For companies that don’t carry large loans, lines of credit, taxes, or anything incurs interest fees, operating profit isn’t a very useful metric. That said, understanding how to calculate this data helps you stay informed when covering the specificities of profit vs revenue.
Profit before/after tax
Technically, your business’s profit before tax will be the same as your operating profit. However, profit before tax also accounts for any interest fees you’re paying.
Similarly, profit after tax is effectively the same thing as net profit. However, other business owners might refer to your net profit as your profit after tax, so it helps to avoid confusion if you’re familiar with both terms.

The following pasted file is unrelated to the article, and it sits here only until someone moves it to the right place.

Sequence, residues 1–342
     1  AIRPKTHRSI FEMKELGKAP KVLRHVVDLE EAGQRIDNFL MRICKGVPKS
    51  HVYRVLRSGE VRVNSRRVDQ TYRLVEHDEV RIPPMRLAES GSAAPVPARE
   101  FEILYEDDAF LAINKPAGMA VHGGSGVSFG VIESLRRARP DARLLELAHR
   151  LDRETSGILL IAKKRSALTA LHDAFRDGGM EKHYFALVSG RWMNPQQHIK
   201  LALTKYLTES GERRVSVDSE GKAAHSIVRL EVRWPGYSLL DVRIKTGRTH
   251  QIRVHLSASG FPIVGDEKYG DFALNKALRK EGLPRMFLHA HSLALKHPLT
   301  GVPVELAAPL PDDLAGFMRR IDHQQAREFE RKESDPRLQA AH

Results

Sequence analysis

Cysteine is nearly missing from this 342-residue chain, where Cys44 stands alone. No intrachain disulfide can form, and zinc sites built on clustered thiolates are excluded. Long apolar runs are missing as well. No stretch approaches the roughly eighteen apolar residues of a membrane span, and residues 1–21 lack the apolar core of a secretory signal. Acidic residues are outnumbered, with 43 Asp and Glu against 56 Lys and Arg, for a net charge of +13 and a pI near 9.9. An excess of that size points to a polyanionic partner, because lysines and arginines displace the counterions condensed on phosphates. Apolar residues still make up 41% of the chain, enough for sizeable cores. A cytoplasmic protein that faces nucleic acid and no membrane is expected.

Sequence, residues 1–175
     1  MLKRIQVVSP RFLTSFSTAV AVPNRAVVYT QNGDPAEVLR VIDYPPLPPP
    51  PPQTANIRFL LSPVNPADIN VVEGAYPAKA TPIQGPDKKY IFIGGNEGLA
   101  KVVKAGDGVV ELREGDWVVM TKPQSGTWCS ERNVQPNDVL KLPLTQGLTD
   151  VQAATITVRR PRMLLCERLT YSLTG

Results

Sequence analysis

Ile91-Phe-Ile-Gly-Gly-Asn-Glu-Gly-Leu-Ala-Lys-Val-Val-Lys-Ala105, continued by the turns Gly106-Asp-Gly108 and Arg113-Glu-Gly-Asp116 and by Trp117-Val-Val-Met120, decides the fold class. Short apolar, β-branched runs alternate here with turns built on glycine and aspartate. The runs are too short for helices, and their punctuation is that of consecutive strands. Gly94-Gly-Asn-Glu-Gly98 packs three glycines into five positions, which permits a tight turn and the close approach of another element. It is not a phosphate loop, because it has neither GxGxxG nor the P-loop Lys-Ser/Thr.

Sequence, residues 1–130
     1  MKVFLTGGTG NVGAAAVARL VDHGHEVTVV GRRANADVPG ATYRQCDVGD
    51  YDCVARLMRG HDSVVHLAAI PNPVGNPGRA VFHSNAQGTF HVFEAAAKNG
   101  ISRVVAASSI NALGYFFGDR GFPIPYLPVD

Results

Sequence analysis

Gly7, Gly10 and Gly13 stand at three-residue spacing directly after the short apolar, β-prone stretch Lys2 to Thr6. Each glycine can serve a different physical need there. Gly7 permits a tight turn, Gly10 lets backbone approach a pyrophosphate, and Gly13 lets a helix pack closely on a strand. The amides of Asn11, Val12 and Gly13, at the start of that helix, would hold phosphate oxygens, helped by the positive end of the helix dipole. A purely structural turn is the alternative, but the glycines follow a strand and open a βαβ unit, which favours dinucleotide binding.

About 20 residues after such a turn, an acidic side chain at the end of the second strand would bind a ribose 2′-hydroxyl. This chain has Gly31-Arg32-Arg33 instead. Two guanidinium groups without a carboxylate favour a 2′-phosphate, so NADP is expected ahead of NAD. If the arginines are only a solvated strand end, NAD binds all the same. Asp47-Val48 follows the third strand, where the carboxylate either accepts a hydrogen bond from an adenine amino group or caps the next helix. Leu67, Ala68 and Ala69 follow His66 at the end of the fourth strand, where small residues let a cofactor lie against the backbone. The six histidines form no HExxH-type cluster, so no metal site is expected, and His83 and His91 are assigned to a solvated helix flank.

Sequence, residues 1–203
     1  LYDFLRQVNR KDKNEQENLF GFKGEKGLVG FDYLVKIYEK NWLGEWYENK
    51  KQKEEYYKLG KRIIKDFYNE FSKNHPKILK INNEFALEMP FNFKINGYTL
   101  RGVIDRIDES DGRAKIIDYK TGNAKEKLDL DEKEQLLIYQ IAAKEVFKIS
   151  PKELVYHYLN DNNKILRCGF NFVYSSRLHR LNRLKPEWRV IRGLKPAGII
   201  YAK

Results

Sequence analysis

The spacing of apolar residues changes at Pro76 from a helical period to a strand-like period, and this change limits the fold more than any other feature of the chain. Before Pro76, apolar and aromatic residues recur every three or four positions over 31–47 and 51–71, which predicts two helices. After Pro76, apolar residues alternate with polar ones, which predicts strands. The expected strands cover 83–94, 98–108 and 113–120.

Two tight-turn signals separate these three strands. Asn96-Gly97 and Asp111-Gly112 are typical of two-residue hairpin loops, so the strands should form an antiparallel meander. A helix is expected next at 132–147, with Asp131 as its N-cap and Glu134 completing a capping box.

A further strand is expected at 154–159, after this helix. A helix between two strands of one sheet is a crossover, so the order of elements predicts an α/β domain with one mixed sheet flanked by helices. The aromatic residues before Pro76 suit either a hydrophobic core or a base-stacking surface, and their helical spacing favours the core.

As you can see, profit might sound simple — but there’s a lot going on behind the scenes.
At the end of the day, you’re running a business because you want to make money. Whether it’s identifying your business’s growth stage or cutting down on operational costs, there are countless ways to add to your business’s income.
Your business should do everything in its power to increase profits – but when you’re focusing on scaling your company, those profits should be reinvested.
Savvy readers might recall that reinvesting those profits turns them into revenue.
What is revenue?
You can’t understand profit vs. revenue if you don’t understand revenue.
Revenue is often called the “top line” because it appears at the top of a profit and loss statement.
So – what is revenue? How is it different from profit?
Revenue refers to the total amount of income generated through business operations. It is a measure of the gross money made by the business through all operations.